turns, work on left and right, flying toward you and maintaining altitude.
Add a little throttle if the plane can't hold altitude.
4) Not enough altitude - New flyers are often afraid of altitude. They feel
safer close to the ground. Nothing could be more wrong. Altitude is your
friend. As stated above I consider 100 feet, about double tree height where I
live, as a good flying height and I usually fly much higher than this. Fifty
feet, is minimum flying height. Below that you better be lining up for
5) Over control - Most of the time the plane does not need input from you.
Once you get to height, a properly trimmed plane flying in calm air will
maintain its height and direction with no help from you. In fact anything you
do will interfere with the plane.
When teaching new pilots I often do a demo flight of their plane. I get the
plane to 100 feet, then bring the throttle back to a nice cursing speed. I get
it going straight, with plenty of space in front of it, then take my hand off
the sticks and hold the radio out to the left with my arms spread wide to
emphasize that I am doing nothing. I let the plane go wherever it wants to
go, as long as it is holding altitude, staying
upwind and has enough room. If you are flying a high wing trainer and you
can't do this, your plane is out of trim.
Even in a mild breeze with some gusts, once you reach flying height, you
should be able to take your hand off the stick. Oh the plane will move around
and the breeze might push it into a turn, but it should continue to fly with
no help from you.
Along this same line of thinking, don't hold your turns for more than a couple
of seconds after the plane starts to turn. Understand that the plane turns by
banking or tilting its wings. If you hold a turn too long you will force the
plane to deepen this bank and it will eventually lose lift and go into a
spiral dive and crash. Give your inputs slowly and gently and watch the
plane. Start your turn then let off then turn some more and let off. Start
your turns long before you need to and you won't need to make sharp turns.
I just watch these guys hold the turn, hold the turn, hold the turn, crash.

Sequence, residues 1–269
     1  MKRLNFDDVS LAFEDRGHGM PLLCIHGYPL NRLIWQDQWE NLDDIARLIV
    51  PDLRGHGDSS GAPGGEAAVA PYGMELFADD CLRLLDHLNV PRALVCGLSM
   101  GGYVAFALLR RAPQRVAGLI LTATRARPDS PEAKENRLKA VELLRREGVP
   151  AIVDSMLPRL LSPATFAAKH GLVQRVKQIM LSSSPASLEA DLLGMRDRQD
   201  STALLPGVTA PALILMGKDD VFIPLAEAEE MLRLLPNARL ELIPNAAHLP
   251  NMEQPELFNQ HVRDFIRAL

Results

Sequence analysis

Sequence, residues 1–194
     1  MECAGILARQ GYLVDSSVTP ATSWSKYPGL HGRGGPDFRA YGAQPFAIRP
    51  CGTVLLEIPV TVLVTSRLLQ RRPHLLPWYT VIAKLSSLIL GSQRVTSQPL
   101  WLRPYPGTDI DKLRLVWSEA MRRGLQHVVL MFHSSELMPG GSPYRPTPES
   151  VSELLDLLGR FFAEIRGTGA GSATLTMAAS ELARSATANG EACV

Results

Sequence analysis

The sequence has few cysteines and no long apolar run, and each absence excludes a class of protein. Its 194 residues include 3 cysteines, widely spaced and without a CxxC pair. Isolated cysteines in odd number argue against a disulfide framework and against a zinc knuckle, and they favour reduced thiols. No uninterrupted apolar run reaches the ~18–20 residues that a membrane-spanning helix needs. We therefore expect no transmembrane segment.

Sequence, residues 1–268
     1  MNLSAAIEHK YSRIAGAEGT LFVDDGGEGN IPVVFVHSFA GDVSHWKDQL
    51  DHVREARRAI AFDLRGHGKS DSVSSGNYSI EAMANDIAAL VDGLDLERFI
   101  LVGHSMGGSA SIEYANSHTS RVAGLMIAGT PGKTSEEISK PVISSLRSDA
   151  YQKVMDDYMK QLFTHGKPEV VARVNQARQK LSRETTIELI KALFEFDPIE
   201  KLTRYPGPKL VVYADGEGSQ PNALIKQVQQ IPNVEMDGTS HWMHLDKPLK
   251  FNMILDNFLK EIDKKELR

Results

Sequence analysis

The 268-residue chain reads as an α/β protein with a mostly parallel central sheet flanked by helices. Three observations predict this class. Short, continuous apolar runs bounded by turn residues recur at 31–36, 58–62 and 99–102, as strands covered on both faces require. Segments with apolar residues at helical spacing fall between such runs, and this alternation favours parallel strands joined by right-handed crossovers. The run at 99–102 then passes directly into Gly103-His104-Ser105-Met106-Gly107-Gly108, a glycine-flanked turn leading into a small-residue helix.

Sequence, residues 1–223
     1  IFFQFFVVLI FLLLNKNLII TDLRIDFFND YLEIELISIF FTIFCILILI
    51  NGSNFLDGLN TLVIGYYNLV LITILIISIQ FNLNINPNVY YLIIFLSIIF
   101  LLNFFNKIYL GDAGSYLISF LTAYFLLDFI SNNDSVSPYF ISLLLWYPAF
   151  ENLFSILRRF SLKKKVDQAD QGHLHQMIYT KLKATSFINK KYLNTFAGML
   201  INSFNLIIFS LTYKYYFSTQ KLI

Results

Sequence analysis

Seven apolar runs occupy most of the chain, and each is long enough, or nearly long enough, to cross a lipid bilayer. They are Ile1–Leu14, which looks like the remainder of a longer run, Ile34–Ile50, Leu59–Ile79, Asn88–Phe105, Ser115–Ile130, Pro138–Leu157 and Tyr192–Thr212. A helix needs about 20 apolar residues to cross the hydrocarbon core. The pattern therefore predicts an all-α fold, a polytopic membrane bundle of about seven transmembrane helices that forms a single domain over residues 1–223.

Of course they are flying in 10 mph wind, near the ground, coming toward
themselves at full throttle.
6) Preflight check - Before every flight it is the pilot's responsibility to
confirm that the plane, the controls and the conditions are correct and
acceptable for flight.
Plane - Batteries at proper power
Surfaces properly aligned
No damage or breakage on the plane
Radio - Frequency control has been met before you turn on the radio
A full range check before the first flight of the day
All trims and switches in the proper position for this plane
Battery condition is good
Antenna fully extended
For computer radios - proper model is displayed
All surfaces move in the proper direction
Conditions - No one on the field or in any way at risk from your fight
You are launching into the wind
Wind strength is acceptable ( see wind above )
Sunglasses and a hat to protect your eyes
All other area conditions are acceptable.
Then and only then can you consider yourself, your plane, radio and the
conditions right for flight. Based on your plane, your radio and local
conditions you may need to add or change something here, but this is the bare
minimum. It only takes a couple of minutes at the beginning of the flying day
and only a few seconds to perform before each flight.
If this all seems like too much to remember, do what professional pilots do,
take along preflight check list. Before every flight they go down
the check list, perform the tests, in sequence, and confirm that all is right.
If you want you flying experience to be a positive one, you should do the
same. After a short time, it all becomes automatic and just a natural part of
a fun and rewarding day.
I hope some of this is useful in learning to fly your plane.